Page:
The Clinton Herald, Clinton, Iowa

AP story section

October 30, 2012

For travelers, Sandy’s aggravation spans globe

NEW YORK — Superstorm Sandy grounded well over 10,000 flights across the Northeast and the globe, and it could be days before some passengers can get where they’re going.

According to the flight-tracking service FlightAware, more than 13,500 flights had been canceled for Monday and Tuesday, almost all related to the storm. By early Tuesday morning, more than 500 flights scheduled for Wednesday also were canceled.

Major carriers such as American Airlines, United and Delta canceled all flights into and out of three area airports in New York, the nation’s busiest airspace. About one-quarter of all U.S. flights travel to or from New York airports each day. So cancelations here can dramatically impact travel in other cities.

Delays rippled across the U.S., affecting travelers in cities from San Francisco to Atlanta. Others attempting to fly out of Europe and Asia also were stuck.

Narita, the international airport near Tokyo, canceled 11 flights Tuesday — nine to the New York area and two to Washington, D.C. All Nippon Airways set up a special counter at Narita to deal with passengers whose flights had been canceled.

“All flights to New York yesterday and today are canceled. What will happen tomorrow no one knows,” airline spokeswoman Megumi Tezuka said.

Sandy caused Eric Danielson to miss his first day of work at Langley Air Force Base in Virginia. He thought he’d be looking at a two-hour layover in Hartsfield-Jackson Atlanta International Airport on his way from San Francisco to Norfolk, Va.

But Sandy changed his schedule. “Now it’s beginning to be a 28-hour layover until tomorrow,” he said Monday.

Hurricane Sandy converged with a cold-weather system and made landfall over New Jersey on Monday evening with 80 mph winds. The monstrous hybrid of rain and high wind — and even snow in some mountainous inland areas — killed at least 16 people in seven states, cut power to more than 6 million homes and businesses from the Carolinas to Ohio, caused scares at two nuclear power plants and stopped the presidential campaign cold.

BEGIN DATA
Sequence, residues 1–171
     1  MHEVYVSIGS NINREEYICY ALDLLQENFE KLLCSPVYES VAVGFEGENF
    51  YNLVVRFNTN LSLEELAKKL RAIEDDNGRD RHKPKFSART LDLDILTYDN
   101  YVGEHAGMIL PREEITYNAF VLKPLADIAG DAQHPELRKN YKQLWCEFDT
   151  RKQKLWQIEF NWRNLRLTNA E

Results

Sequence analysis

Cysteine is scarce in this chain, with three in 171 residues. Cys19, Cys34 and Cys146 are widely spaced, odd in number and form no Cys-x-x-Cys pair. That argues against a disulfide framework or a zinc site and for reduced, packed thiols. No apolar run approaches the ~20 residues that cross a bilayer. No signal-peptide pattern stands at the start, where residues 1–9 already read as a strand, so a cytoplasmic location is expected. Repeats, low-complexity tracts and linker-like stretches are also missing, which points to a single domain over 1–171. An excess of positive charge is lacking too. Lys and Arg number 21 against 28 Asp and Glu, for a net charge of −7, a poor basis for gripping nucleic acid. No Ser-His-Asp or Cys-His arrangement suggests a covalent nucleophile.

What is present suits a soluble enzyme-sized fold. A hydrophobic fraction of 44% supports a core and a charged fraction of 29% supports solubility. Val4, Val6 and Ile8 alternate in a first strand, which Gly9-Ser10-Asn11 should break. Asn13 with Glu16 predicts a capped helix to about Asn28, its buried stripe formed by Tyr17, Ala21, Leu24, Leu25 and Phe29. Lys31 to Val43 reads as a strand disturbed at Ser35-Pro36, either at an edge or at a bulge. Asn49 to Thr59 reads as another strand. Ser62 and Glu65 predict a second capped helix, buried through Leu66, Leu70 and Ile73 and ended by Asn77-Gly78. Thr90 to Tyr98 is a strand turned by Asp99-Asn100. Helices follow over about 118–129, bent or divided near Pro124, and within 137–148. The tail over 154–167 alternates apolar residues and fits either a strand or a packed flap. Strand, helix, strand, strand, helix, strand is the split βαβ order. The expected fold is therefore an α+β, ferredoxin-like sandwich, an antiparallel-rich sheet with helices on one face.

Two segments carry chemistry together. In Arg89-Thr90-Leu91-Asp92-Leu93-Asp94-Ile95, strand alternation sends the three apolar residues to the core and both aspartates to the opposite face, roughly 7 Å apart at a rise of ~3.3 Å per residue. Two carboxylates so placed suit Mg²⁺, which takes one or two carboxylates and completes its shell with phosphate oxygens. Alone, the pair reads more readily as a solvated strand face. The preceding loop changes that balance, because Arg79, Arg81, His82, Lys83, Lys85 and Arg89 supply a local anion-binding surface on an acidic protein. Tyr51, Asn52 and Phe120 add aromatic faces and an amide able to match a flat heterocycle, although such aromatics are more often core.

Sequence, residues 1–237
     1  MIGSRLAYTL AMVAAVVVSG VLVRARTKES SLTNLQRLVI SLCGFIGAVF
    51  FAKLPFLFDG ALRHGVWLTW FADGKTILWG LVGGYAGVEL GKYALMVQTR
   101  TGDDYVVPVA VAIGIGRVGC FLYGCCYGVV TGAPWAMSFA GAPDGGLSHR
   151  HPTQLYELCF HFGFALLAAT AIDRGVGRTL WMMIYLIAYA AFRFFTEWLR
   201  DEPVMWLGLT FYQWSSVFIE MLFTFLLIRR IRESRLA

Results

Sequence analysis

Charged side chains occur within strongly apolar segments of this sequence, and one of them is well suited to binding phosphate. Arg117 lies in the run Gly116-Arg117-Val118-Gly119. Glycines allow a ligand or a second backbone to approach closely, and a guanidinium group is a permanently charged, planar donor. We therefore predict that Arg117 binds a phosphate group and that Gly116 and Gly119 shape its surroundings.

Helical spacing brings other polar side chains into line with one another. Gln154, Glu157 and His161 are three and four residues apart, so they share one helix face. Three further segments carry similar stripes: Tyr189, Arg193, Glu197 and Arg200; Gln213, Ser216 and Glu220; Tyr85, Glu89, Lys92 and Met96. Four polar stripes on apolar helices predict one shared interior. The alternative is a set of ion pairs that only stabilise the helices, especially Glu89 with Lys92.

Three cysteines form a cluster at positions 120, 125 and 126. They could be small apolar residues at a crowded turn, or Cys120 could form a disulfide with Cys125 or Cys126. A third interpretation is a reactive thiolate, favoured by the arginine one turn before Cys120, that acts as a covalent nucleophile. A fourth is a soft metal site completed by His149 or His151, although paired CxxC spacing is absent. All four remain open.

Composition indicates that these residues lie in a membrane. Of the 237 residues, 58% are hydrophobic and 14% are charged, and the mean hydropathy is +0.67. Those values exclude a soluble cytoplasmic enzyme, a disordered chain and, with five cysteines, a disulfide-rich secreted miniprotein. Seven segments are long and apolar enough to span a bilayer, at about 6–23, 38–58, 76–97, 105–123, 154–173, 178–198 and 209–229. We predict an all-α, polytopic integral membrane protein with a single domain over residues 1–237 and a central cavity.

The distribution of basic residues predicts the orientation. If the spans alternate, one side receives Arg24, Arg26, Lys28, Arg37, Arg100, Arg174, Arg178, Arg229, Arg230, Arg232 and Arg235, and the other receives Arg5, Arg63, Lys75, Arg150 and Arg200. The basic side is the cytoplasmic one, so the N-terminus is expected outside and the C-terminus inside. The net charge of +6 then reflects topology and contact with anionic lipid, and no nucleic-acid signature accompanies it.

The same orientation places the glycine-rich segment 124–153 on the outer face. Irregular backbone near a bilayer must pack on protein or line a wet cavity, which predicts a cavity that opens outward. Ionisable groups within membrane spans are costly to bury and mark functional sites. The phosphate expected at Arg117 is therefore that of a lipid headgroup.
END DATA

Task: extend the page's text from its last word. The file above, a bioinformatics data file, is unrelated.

The storm was forecast to head across Pennsylvania before taking another sharp turn into western New York by Wednesday morning, bringing heavy rain and local flooding.

The flight cancelations were on par with a major winter storm in early 2011 that forced 14,000 flights to be scrapped over four days.

Businessman Alan Shrem was trying to return home to Boca Raton, Fla. His Monday morning Cathay Pacific flight from Hong Kong to New York’s Kennedy airport was canceled.

He learned he could be stuck in Hong Kong for nearly a week because the next available seat was Nov. 4. He was put on a waiting list for seats that could become available earlier.

“They just say: Yeah, it’s a pretty big waiting list,” said Shrem, throwing up his hands. In the meantime, he’ll have to fork out $400 a night to continue staying at a nearby hotel. The airline won’t pay for accommodation for stranded passengers if delays are weather-related.

Even if storm damage is minor it could be a week before operations are normal at major East Coast airports, said Angela Gittens, director general of the Airports Council International, a trade group for airports worldwide.

“The storm has such a wide swath and so many major airports are involved that it’s going to take some time (to recover) because those airplanes are so far away,” said Gittens, who served as aviation director at Miami International Airport Dade during several hurricanes from 2001 to 2004.

Airports in the metropolitan New York City area were open, but air carriers were not operating. The Port Authority of New York and New Jersey said Monday that travelers shouldn’t even try to go to Kennedy, Newark Liberty, LaGuardia and Stewart airports.

JetBlue Airways Corp. canceled 1,200 flights for Sunday through Tuesday. The airline is hoping to resume flights at its Kennedy airport hub Wednesday, but is worried about flooding of the airport’s runways since they are all basically at sea level and near bodies of water, according to Rob Maruster, the company’s chief operating officer.

Delta Air Lines Inc. has canceled 2,100 flights over the three days. American Airlines has scrapped 1,000 flights, including 260 on regional affiliate American Eagle.